More than 50% of all sexual assault incidents were reported by victims to have occurred within 1 mile of their home or at their home (http://www.rainn.org/get-information/statistics/sexual-assault-offenders), so I’d say this falls under domestic violence, wouldn’t you?

    If Maine judges actually put abusers in jail for longer than 90 days for once:
    -survivors could find closure
    -survivors that would otherwise stay quiet would speak up and those abusers that would otherwise get off scot-free would be punished for their crimes
    -it would be a deterrent to abusers if there were ANY punishment handed out at all in Maine.

    I can’t even read the BDN sometimes because I am avoiding those articles, you know the ones. It makes me more than upset, I literally weep for the survivor (and for myself), sometimes I’ll be upset for days after reading those articles. In 2013, I’m planning on writing one letter per week to a judge in Maine that let an abuser off with next to nothing of a sentence. Hopefully hearing a survivor’s plea will wake a few of them up, give them an experience to shudder at while sentencing abusers.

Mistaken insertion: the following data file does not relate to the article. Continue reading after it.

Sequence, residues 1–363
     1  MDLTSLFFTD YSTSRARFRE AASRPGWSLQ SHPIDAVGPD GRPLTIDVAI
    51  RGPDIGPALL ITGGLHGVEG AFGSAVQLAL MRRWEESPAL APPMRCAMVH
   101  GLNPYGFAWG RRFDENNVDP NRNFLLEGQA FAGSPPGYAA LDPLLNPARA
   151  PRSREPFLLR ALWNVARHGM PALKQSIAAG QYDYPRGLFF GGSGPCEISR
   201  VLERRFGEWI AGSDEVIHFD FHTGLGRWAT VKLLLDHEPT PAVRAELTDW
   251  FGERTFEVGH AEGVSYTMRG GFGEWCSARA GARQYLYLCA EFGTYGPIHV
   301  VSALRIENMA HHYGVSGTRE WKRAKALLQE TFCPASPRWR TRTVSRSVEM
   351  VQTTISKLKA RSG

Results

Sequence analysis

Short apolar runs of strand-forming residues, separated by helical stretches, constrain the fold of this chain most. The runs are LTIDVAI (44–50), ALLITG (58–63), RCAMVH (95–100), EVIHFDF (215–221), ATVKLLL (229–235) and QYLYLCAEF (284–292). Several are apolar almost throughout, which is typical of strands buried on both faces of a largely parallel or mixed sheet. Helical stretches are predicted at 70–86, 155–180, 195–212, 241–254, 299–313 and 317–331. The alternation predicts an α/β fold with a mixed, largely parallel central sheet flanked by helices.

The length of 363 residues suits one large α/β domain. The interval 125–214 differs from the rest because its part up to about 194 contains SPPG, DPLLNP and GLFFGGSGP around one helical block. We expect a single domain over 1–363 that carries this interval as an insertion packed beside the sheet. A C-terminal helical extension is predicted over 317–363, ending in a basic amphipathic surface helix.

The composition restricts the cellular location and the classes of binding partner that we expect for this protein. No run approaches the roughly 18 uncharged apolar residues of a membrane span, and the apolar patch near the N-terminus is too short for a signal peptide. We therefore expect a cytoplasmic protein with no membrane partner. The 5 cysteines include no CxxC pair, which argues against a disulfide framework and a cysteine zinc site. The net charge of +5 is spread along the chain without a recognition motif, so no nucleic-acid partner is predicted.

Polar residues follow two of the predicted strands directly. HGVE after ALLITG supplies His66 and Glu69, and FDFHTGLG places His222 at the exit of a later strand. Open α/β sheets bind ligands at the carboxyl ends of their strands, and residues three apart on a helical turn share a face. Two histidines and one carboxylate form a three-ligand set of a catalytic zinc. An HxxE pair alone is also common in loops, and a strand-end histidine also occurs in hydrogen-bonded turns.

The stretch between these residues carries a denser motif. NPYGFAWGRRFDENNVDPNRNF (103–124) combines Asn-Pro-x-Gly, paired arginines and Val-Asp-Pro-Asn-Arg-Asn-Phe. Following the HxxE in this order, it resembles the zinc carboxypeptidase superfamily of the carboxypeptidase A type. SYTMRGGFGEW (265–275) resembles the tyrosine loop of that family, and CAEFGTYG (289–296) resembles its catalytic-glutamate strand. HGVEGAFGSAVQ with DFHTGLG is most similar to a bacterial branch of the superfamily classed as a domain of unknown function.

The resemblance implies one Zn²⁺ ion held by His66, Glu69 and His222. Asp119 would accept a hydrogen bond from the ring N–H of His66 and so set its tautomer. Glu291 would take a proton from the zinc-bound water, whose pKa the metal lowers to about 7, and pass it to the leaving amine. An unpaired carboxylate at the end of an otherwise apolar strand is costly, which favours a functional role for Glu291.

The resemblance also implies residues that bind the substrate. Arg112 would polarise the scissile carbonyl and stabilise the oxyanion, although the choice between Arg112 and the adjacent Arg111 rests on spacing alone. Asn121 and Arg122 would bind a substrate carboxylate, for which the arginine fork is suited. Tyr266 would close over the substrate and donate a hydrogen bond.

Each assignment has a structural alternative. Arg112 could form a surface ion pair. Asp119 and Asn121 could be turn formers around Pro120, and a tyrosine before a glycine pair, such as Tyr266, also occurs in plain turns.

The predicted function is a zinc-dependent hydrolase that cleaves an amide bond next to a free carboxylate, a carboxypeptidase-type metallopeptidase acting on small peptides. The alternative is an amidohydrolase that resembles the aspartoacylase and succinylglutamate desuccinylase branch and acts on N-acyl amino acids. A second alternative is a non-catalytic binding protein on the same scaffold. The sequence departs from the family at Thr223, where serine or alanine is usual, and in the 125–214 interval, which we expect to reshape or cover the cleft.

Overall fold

This ended up being really ranty, which isn’t my writing style at all but shows how passionately I feel that Maine is screwing the pooch in this area. Hope it’s coherent enough.

    • Anonymous

      90 days? more like 90 hours, if the victim is lucky. Maine is a great place to live if a person is a criminal spouse beater.

  • Anonymous

    From the “Examiner.com” ” An extensive 2004 report by the National Institute of Justice found that the rate of violence against women increases as male unemployment increases. When a woman’s male partner is employed, the rate of violence is 4.7 percent. It’s 7.5 percent when the male experiences one period of unemployment. It’s 12.3 percent when the male experiences two or more periods of unemployment.”

  • Anonymous

    Please tell this poor ignorant fool why “domestic violence” is worse than other kinds of violence. Isn’t the violence the main problem? Maybe we should begin to refer to this problem as “Violence at home.” Putting the “violence” first clarifies the problem.

You may also like